For me, this was a holy, communal affirmation of the heart and hard work of the last eight years of my life.
While Naomi and I shared the uniquely sacred experience of being jointly ordained, our calls and fitness for ministry and ordination were and have always been evaluated on an individual basis. Our callings are complementary in so many ways, affording us both opportunities to work side-by-side and space to work individually in our particular areas of ministry. Our ordination vows were a great reminder of the need to be intentional about nurturing both. I love walking with her in this work and in this life. She is indeed the iron that sharpens me.
My organization’s amazing president (who, along with her wife, gifted me the beautiful stole that I wore during my ordination) asked me what it felt like to have hands laid on me by the powerful, prophetic leaders in TFAM, including our dear Bishop Flunder who not only laid hands on us but anointed our hands and feet (so many tears!). One of the things I remember most were the expressions of pure joy on the faces of those encircling us and seated in the sanctuary. Have you ever had someone look at you with delight in their eyes and a smile on their lips? Do you remember how it felt? That was what ordination felt like for me. Belonging. Delight. Serious. Solemn. Joyful. Hopeful. Familiar, yet new.
The irony is not lost on me that in 2016 and 2017, I received two letters (one anonymous, one signed) from individuals who essentially told me that who I am is incompatible with Christian teaching. One of those letters came exactly 2 years ago to the day of my ordination.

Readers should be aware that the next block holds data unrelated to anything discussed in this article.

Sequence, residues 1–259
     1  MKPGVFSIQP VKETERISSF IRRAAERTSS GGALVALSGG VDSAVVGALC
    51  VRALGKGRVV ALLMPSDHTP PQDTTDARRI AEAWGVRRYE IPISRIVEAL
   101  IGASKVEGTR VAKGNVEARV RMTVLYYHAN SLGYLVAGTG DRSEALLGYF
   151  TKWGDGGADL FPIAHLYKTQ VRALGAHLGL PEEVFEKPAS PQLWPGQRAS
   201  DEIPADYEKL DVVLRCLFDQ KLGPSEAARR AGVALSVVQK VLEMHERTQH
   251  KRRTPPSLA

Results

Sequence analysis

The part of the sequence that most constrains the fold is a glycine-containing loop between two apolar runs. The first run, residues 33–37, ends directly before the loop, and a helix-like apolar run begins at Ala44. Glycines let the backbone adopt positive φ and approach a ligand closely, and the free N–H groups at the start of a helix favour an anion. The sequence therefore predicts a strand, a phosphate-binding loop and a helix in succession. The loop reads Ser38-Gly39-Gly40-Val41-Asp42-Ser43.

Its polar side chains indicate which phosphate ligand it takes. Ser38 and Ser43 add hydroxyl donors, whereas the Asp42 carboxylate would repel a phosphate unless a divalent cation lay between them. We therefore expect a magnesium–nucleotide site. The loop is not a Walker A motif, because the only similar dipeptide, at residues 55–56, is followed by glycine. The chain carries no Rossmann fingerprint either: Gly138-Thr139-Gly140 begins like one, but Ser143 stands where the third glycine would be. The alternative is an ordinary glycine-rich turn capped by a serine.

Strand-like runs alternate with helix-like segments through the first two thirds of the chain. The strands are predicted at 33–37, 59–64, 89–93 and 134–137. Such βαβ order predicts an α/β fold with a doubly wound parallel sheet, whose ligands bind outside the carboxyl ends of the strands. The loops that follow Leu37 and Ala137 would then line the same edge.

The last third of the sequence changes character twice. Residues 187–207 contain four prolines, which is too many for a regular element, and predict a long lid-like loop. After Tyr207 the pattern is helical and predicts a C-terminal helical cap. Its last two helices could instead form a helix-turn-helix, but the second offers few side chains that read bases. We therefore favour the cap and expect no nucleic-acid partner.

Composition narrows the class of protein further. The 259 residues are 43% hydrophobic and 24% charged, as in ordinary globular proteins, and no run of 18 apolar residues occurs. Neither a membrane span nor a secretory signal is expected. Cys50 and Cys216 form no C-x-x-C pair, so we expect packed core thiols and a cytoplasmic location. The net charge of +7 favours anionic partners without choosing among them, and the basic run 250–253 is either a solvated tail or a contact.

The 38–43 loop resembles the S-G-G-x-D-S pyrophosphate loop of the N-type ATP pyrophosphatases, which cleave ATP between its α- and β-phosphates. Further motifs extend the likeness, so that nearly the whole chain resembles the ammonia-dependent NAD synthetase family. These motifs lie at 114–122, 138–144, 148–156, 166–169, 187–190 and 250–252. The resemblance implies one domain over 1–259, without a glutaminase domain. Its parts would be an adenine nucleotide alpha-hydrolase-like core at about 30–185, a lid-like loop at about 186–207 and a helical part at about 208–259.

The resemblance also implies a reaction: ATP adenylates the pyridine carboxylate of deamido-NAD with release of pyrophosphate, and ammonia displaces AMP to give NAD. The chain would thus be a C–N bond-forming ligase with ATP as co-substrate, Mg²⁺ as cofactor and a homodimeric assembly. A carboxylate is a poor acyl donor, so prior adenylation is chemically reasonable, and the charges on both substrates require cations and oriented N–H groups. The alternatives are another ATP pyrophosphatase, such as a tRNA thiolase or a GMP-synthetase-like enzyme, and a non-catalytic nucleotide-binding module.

When I am reminded of those letters, I remember the sting. I remember the pain. I remember the tears.
And then I am transported to the day of my ordination, where the tears I cried were happy tears, joyful tears, sincere tears as I considered the weight of the yoke I now carry.
I am more than compatible. I am called.
No parts of me muted. All of me is welcome here. All of my queer self. My Black self. My woman self. My charismatic, Spirit-filled self. My contemplative self. My multifaith-sensibilities self. My intellectual, scholarly self. My questioning, doubting self. My faithful, sure self.
Even my silly self, which our wonderful rabbi Ariana made sure to play up in these photos. (We celebrated at a popsicle shop! How cool is that?!)
I am home. And I am ready.
Thank you Bishop Flunder.
Thank you, TFAMily.
Thank you to all of my friends, colleagues, pastors, rabbis, professors, and mentors across traditions and denominations who have been on this journey with me for a long time.
Thank you for seeing me, holding me accountable, and reminding me of all that I have been, all that I am, and all that I hope to be.
I look forward to continuing to serve alongside you as we seek to do our part to build a world of justice, love, and radical inclusivity.
Rev. Kentina Washington-Leapheart is Director of Programs for Reproductive Justice and Sexuality Education at the Religious Institute.